Posted by The Minds Journal | Being Me | 4 |
May 17, 2016
November 24, 2016
May 25, 2016
November 8, 2016
What a motherfucking wanker. Each one of us is here because of the actions we chose and the decisions we’ve deliberated. To blame it on the universe is equivalent to an Iraqi person blaming the US government for the sorry state of their shithole. This is what gave rise to the entire PC movement and anyone & everyone willing to bend down and suck their genitals dry.
Hey, this gal in the post looks like me!
There was one quote I was particularly looking for but cannot find; I’ll keep searching.
Again, thank you my dear friend Gina Hobaugh for your wonderful philosophy lectures in all your courses. I remember Sartre being one of the hardest to grasp, and I can’t say I’ve got a handle on him yet. But considering the quote above, of course he would say just that. Here is a quote from the Stanford Encyclopedia of Philosphy. I just had to do some research to back up some of my little remembrance of Jean-Paul: “The person who gets ‘worked up’ when failing to hit the golf ball or to open the jar lid, is, on Sartre’s reading, ‘intending’ a world where physiological changes ‘conjure up’ solutions in the problematic world. The person who literally ‘jumps for joy,’ to cite another of his examples, is trying by a kind of incantation to possess a good ‘all at once’ that can be realized only across a temporal spread. If emotion is a joke, he warns, it is a joke we believe in. These are all spontaneous, prereflective relations. They are not the products of reflective decision. Yet insofar as they are even prereflectively conscious, we are responsible for them. And this raises the question of freedom, a necessary condition for ascribing responsibility and the heart of his philosophy.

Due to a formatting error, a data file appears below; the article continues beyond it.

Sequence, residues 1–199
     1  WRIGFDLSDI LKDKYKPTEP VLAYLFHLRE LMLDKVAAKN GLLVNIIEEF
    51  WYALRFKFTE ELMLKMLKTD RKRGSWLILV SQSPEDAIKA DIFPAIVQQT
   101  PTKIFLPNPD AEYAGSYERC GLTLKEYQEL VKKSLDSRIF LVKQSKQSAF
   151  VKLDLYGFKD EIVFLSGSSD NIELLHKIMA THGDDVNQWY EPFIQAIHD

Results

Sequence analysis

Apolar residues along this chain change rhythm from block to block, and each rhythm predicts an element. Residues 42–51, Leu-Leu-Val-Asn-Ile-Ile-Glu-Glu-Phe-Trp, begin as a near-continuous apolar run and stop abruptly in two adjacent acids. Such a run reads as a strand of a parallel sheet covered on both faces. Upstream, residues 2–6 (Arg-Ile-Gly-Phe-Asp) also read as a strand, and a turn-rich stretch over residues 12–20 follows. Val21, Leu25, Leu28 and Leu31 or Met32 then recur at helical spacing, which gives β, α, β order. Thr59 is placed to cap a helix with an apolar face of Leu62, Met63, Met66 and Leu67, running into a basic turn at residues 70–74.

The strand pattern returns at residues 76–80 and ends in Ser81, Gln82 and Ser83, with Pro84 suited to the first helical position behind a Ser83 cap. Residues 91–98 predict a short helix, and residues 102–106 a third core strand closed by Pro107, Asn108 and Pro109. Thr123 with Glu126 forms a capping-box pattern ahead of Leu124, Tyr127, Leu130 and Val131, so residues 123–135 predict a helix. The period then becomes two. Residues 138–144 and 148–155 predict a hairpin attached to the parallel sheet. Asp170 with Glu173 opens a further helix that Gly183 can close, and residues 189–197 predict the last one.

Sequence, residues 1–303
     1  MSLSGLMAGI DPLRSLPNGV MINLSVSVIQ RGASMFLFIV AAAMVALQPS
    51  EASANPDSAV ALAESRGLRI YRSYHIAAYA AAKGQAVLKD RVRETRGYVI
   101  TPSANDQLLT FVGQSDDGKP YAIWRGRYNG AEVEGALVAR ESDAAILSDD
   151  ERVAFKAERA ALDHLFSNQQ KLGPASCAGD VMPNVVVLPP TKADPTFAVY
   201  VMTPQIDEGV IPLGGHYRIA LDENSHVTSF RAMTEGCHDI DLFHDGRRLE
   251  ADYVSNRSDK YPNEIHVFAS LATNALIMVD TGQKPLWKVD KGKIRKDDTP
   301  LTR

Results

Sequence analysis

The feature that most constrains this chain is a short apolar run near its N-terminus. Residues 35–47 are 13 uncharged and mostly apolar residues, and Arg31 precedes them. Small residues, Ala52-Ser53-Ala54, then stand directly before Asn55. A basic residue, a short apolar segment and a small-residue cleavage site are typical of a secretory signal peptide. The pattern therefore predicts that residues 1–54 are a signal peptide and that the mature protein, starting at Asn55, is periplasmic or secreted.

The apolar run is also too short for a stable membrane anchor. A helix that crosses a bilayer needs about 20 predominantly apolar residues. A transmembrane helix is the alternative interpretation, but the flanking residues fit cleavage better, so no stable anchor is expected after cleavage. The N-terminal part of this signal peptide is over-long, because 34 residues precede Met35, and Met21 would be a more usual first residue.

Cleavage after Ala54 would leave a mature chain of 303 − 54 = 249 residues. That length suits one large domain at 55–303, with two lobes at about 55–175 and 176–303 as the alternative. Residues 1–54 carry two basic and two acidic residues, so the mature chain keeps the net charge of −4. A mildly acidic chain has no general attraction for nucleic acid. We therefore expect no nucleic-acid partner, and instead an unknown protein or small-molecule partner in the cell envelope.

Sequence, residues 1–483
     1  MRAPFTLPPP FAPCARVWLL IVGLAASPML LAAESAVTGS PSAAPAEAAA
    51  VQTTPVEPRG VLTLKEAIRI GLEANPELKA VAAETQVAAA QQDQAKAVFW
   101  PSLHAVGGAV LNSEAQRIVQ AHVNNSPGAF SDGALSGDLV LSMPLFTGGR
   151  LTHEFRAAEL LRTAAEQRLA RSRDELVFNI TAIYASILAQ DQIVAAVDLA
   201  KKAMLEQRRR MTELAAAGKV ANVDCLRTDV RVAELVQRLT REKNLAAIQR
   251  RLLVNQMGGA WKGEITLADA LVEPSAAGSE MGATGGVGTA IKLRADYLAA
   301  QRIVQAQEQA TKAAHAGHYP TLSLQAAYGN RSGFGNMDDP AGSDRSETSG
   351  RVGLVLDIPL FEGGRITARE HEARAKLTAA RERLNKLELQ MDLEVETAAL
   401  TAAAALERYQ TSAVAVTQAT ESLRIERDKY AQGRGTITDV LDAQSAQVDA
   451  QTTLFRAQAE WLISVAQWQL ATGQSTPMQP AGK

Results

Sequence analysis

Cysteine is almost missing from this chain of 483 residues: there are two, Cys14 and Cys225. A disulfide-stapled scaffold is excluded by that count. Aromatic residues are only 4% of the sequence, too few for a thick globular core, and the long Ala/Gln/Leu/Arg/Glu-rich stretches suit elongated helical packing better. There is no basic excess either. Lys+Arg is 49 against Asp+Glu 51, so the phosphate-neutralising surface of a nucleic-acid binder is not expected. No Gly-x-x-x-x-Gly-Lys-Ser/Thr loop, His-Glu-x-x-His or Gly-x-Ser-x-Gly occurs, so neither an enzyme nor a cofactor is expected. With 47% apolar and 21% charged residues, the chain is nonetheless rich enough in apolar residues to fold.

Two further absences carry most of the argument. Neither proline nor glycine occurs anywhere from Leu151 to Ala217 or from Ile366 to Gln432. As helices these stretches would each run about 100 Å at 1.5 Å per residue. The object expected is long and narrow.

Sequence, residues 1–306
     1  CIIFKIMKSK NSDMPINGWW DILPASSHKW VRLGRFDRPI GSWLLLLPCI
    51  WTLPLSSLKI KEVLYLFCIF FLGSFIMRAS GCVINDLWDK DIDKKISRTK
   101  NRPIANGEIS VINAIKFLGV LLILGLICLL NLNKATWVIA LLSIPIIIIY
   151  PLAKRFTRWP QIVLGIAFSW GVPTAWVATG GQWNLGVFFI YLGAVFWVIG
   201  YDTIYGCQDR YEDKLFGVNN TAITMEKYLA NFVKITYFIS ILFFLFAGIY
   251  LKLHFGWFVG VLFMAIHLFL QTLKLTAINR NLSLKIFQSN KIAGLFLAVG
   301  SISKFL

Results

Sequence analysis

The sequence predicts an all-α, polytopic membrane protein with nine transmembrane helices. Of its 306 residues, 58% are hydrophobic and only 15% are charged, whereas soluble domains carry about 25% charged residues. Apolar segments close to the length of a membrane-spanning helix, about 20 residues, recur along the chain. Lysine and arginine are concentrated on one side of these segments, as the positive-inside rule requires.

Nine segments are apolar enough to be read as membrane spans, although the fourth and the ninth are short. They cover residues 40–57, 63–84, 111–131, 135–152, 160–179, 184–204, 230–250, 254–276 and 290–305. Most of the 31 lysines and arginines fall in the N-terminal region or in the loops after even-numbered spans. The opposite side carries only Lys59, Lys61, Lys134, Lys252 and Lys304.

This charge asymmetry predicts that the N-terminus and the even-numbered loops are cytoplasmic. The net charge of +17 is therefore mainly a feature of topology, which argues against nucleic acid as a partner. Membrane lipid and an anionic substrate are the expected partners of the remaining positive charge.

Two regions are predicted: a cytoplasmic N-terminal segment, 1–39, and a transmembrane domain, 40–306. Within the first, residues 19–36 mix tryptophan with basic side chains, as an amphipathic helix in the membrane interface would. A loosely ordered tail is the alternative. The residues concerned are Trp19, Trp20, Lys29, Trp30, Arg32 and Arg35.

“The basis of Sartrean freedom is ontological: we are free because we are not a self (an in-itself) but a presence-to-self (the transcendence or ‘nihilation’ of our self). This implies that we are ‘other’ to our selves, that whatever we are or whatever others may ascribe to us, we are ‘in the manner of not being it,’ that is, in the manner of being able to assume a perspective in its regard. This inner distance reflects not only the nonself-identity of the for-itself and the ekstatic temporality that it generates but forms the site of what Sartre calls ‘freedom as the definition of man.’ To that freedom corresponds a coextensive responsibility. We are responsible for our ‘world’ as the horizon of meaning in which we operate and thus for everything in it insofar as their meaning and value are assigned by virtue of our life-orienting fundamental ‘choice.’ At this point the ontological and the psychological overlap while remaining distinct as occurs so often in phenomenology.”
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